Here's a collection of Bach pieces where the performances fit together exceptionally well. The basic sound is that of Canada's veteran Baroque ensemble Tafelmusik under violinist and director Jeanne Lamon: smooth, bright, French in its light seductiveness. Sample the almost accentless Rondeau from the Suite in A minor, a violin-and-strings transcription (and according to musicologist Joshua Rifkin a reconstruction of an original version) of the Suite in B minor for orchestra, BWV 1067; you couldn't call it gutsy, but the degree of control and consistency is impressive.
GRAMOPHONE AWARD WINNER 2015 - BAROQUE INSTRUMENTAL RECORDING OF THE YEAR. This recording is the first time that the five-stringed Amati has been used to record the 6th suite and it is the only original five-string cello in existence in the UK and unique in being the only one by this maker. The Cello Suites are performed on two gut-string cellos Suite Nos. 1-5 on a Francesco Ruggieri from 1660 and Suite No. 6 the five-stringed Cremona cello by A. & H. Amati from c.1600, both tuned to Baroque pitch. Bachs cello suites are renowned as the pinnacle of the instruments repertoire and are performed here in period performances by the internationally acclaimed cellist, David Watkin. David Watkin has been performing Bachs Cello Suites in concert for 35 years, and Bachs unaccompanied cello repertoire has taken him all over Europe, from the Palace of Frederick the Great at Potsdam to the Prague Spring Festival, and, as part of Sir John Eliot Gardiner's Bach Cantata Pilgrimage, included performances sitting by the font in which Bach was baptised.
During the final years of his life, Johann Sebastian Bach (1685-1750) created the monumental body of music that can be considered his “Testament”, comprising the Musical Offering, the Art of Fugue and the B minor Mass. This latter work is a perfect synthesis of all his skill and flair in the art of composition (and essentially in that of counterpoint), as well as his gift for invention and his extraordinary sense of form, structure and number.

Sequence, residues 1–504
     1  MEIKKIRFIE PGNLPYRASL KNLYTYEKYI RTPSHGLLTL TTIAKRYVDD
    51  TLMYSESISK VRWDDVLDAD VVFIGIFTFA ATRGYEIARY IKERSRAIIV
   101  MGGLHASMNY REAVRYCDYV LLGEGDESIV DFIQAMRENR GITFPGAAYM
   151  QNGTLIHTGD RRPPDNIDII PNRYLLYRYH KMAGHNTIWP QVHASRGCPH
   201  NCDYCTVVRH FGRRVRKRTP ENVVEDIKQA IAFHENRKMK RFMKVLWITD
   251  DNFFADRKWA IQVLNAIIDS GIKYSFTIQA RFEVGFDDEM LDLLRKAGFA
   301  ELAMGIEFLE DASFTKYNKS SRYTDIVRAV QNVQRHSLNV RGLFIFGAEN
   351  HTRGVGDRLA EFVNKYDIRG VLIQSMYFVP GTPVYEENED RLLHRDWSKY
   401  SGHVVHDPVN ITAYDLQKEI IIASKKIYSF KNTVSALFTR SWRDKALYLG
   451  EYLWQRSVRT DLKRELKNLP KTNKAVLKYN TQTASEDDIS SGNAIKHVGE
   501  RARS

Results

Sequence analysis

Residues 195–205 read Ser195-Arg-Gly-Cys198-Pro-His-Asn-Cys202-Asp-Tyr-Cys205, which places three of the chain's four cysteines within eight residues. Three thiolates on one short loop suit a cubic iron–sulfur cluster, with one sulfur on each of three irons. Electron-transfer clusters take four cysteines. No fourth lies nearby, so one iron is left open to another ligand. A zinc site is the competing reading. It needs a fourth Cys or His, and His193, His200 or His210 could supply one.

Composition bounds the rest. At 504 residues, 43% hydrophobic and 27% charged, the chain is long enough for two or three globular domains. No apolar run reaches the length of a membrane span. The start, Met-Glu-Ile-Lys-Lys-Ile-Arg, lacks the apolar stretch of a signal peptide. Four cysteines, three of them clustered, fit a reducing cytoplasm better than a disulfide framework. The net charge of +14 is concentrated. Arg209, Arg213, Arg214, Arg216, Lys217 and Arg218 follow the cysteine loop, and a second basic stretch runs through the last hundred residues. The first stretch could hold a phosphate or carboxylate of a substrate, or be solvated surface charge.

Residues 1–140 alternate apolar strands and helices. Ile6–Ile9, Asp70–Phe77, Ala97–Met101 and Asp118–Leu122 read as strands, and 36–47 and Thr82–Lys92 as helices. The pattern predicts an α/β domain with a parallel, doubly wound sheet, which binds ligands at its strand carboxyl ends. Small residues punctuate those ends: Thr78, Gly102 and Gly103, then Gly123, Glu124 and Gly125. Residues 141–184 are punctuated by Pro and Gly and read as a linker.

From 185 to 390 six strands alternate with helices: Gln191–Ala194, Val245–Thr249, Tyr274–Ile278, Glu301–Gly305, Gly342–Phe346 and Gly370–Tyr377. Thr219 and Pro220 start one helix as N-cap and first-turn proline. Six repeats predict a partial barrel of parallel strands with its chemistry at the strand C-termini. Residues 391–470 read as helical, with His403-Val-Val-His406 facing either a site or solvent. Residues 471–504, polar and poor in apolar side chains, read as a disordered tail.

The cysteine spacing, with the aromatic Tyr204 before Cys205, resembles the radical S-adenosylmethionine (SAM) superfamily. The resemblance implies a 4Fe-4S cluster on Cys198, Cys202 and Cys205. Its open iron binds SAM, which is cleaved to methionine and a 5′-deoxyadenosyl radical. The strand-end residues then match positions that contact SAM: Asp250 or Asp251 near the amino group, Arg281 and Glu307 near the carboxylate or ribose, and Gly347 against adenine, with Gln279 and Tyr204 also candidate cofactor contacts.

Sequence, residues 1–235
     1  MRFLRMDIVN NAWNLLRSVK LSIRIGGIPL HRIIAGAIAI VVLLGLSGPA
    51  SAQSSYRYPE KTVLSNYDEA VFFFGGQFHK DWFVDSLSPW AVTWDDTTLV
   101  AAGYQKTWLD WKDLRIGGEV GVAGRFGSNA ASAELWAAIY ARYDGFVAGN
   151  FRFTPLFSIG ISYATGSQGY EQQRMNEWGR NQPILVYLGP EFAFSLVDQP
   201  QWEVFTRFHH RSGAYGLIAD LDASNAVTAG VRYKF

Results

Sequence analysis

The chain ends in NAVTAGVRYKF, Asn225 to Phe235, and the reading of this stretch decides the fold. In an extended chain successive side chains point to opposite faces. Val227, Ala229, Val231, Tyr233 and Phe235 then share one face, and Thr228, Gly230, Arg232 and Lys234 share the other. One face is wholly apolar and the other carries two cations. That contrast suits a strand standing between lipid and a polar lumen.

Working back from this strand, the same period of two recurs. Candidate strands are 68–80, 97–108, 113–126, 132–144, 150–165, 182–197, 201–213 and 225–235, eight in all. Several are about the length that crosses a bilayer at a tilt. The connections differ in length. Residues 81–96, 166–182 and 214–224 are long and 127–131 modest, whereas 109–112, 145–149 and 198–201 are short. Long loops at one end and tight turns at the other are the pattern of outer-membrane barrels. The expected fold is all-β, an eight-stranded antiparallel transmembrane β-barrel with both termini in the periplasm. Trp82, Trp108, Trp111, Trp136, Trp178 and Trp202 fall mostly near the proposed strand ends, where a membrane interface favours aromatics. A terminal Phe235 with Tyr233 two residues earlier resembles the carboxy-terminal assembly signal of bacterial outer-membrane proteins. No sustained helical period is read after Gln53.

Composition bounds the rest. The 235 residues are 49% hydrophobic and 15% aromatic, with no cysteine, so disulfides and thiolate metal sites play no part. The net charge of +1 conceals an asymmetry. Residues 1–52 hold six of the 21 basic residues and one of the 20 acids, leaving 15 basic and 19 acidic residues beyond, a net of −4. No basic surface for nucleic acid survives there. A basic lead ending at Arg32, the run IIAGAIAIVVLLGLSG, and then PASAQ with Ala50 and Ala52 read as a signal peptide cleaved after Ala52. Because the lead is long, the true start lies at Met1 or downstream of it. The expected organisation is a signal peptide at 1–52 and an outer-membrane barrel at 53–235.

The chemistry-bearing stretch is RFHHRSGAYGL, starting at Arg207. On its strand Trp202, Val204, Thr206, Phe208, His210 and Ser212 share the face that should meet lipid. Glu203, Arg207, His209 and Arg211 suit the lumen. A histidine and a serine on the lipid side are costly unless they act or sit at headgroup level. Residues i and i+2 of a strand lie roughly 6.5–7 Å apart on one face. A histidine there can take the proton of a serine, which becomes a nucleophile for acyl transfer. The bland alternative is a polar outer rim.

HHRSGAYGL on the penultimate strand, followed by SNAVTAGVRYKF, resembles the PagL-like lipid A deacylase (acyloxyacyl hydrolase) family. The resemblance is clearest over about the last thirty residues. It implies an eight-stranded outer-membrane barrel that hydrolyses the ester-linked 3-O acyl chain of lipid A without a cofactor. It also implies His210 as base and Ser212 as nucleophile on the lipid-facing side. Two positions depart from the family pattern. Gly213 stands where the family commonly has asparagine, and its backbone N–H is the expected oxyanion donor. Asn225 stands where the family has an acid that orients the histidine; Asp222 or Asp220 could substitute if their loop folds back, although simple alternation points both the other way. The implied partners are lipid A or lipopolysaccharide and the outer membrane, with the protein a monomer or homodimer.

Konstantin Lifschitz has long since established himself as an outstanding exponent of the works of Johann Sebastian Bach. He has already recorded the `Musical Offering´ and the `Art of Fugue´ for ORFEO and now turns his attention to the composer´s seven keyboard concertos. He is partnered by the Stuttgart Chamber Orchestra, an ensemble that enjoys an equally distinguished reputation for its Bach interpretations. With only three of these seven concertos has it been possible to identify specific originals with different solo instruments, while the other four have been ascribed to various other instruments by experts in the field; attributions that none the less continue to be hotly debated.
The appetite for evolving performance practices in Bach’s St Matthew Passion appears undiminished as we have gradually shifted, over the generations, from larger to smaller ensembles and also towards a greater dramatic understanding of the implications of Bach’s ambitious ‘stereophonic’ double choir and orchestra choreography.